Fragile X Syndrome (FXS) is caused by a triplet repeat expansion whose abnormal methylation silences expression of the Fragile X Mental Retardation protein, FMRP. Loss of function of this neuronal RNA- binding protein results in the intellectual disability, seizures and autistic features characteristic of FXS. FMRP is widely accepted to regulate translation of specific mRNAs and many forms of synaptic plasticity in neurons are dependent on its function. A missense mutation occurring in a Fragile X patient within an RNA binding domain of FMRP is sufficient to cause the disease and abolishes FMRP's polysome association, suggesting that identifying FMRP's mRNA targets and how FMRP regulates their translation is key to understanding the molecular basis for the cognitive and behavioral changes typical of the disease. A new technique designed to capture in vivo interactions of RNA binding proteins with their RNA targets, UV crosslinking- immunoprecipitation combined with high throughput sequencing (HITS-CLIP), was used to identify FMRP- interacting mRNAs in total brain polysomes including a mixture of many neuronal subtypes in different states of development or activity. FMRP was found to regulate mRNAs encoding both pre- and postsynaptic proteins important for synaptic function, suggesting that their mis-expression in the absence of FMRP might underlie defects in synaptic plasticity. This list of 842 FMRP targets is a resource for focusing research to ameliorate symptoms of FXS by inhibiting the activity of proteins that may be overexpressed in the absence of FMRP. To identify the subset of targets of FMRP that are most relevant for phenotypic defects this proposal aims to develop and apply an innovative approach to measuring cell-specific interactions of FMRP with RNA by engineering a new mouse (cTAG) which will conditionally tag FMRP from the endogenous locus in specific cells with temporal control by breeding with inducible Cre lines so that the tag can be used for HITS-CLIP. FXS arises due to loss of FMRP in the context of normal expression of its two family members, FXR1P and FXR2P, which share some functional redundancy with FMRP. This has led to the fundamental question of whether FXS arises due to loss of a function specific to FMRP and not shared by its paralogs, or whether FXS results from decreased dosage of a family of functionally redundant proteins. This proposal will test in vivo functional redundancy of the three paralogs with regard to RNA interactions, both globally and in specific neurons with FXR1/2P cTAG mice, and test whether increasing expression of FXR1/2P in the absence of FMRP can rescue phenotype. Successful accomplishment of the proposed Aims has significance for understanding the molecular basis of synaptic function as well as the human diseases that result from its dysfunction, including Fragile X Syndrome and autism. Identification of specific, phenotype-relevant mRNA targets of FMRP not shared by its paralogs will focus attention on inhibition of this subset while evidence for redundancy will spur attempts to therapeutically upregulate the levels of the FXR1/2P proteins in FXS.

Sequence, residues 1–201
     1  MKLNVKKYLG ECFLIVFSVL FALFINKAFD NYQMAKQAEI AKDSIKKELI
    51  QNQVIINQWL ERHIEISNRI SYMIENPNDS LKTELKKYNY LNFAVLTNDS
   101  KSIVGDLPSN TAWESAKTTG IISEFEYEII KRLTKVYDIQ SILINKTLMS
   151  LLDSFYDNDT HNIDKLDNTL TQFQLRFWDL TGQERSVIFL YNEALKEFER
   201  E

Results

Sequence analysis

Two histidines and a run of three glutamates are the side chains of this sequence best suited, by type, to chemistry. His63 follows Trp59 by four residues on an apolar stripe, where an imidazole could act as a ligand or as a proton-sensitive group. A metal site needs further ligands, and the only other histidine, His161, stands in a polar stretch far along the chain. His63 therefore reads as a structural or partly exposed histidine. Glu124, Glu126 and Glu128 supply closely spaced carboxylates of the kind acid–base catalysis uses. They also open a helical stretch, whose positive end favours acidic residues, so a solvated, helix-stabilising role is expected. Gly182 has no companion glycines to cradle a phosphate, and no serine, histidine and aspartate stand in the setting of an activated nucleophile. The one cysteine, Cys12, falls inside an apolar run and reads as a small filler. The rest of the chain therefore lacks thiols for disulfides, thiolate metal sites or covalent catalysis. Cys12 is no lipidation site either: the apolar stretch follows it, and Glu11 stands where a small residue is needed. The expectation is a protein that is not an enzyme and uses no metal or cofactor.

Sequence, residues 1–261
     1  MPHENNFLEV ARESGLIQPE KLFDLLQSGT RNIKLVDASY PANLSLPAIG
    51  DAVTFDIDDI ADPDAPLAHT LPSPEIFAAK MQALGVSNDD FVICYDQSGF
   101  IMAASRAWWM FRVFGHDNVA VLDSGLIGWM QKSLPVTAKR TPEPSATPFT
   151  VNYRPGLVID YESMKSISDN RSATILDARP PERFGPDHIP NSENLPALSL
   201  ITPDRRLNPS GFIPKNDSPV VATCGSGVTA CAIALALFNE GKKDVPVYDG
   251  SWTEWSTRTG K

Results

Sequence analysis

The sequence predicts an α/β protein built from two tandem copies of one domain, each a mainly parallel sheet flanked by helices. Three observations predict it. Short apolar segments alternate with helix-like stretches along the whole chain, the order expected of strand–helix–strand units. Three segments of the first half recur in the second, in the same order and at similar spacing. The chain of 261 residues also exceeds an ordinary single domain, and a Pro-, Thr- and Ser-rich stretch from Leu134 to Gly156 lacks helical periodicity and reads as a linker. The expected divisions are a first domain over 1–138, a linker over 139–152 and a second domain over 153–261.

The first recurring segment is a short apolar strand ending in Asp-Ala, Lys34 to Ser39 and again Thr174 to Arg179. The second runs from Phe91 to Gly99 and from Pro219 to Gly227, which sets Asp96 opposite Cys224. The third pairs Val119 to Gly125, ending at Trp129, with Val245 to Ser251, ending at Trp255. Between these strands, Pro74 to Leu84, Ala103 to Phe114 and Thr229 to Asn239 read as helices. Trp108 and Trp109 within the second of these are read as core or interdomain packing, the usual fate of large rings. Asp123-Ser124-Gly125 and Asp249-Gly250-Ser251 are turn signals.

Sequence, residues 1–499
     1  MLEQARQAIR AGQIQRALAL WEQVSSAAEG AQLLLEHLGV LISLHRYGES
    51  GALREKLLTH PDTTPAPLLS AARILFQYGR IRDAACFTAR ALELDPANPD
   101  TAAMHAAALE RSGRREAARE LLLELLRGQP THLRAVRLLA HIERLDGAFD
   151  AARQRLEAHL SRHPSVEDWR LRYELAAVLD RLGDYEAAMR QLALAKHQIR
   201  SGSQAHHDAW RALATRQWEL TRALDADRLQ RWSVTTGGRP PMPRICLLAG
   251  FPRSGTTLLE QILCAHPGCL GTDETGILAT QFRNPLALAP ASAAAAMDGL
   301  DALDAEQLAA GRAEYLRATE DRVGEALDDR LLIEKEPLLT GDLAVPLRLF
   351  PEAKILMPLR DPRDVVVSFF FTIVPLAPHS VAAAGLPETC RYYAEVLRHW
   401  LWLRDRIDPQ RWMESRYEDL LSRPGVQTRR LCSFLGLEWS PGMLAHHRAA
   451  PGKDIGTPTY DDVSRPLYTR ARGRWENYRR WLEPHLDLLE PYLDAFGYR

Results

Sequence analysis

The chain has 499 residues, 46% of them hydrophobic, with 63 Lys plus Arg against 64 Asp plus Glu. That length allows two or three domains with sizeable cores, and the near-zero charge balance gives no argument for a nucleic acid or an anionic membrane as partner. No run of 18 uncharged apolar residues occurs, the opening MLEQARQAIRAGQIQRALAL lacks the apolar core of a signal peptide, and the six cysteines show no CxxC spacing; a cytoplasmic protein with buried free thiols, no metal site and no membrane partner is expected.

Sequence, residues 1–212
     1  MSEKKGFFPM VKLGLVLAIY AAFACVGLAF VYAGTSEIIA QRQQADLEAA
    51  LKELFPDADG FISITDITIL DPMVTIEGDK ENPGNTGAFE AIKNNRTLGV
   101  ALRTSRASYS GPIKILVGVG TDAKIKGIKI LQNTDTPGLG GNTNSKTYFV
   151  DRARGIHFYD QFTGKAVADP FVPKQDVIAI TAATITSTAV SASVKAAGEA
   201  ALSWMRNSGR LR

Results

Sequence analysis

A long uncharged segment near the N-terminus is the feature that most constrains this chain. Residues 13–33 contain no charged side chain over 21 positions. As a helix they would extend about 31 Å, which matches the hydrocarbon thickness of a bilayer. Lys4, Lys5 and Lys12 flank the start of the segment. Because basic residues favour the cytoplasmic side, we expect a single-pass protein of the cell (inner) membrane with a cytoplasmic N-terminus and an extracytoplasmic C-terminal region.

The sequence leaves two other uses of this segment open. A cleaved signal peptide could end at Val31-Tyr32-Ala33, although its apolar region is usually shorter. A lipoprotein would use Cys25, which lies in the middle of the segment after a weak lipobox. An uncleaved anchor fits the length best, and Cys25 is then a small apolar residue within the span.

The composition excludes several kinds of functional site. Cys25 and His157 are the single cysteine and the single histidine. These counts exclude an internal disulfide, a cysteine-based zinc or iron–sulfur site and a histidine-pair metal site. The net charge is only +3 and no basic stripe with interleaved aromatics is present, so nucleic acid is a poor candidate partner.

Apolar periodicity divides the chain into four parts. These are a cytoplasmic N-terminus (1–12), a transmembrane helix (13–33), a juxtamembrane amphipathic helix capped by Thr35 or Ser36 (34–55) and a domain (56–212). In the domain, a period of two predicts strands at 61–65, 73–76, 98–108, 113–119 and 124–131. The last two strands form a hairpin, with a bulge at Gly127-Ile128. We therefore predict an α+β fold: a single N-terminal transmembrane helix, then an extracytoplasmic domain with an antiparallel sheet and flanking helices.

Recent data suggests that the levels of many synaptic proteins may be tightly controlled by the opposing processes of new translation and protein turnover in neurons. Alterations in this balance or in the levels of these dosage-sensitive synaptic proteins can result in altered stoichiometry of protein complexes at developing and remodeling synapses, thought to underlie several human cognitive diseases including Fragile X Syndrome, autism spectrum disorders, Angelman syndrome and some cases of non-syndromic mental retardation. Probing the molecular basis of Fragile X Syndrome, which results from the absence of a critical regulator of the translation of these synaptic proteins, is an excellent opportunity to significantly expand our understanding of the underlying cause of several human cognitive diseases.
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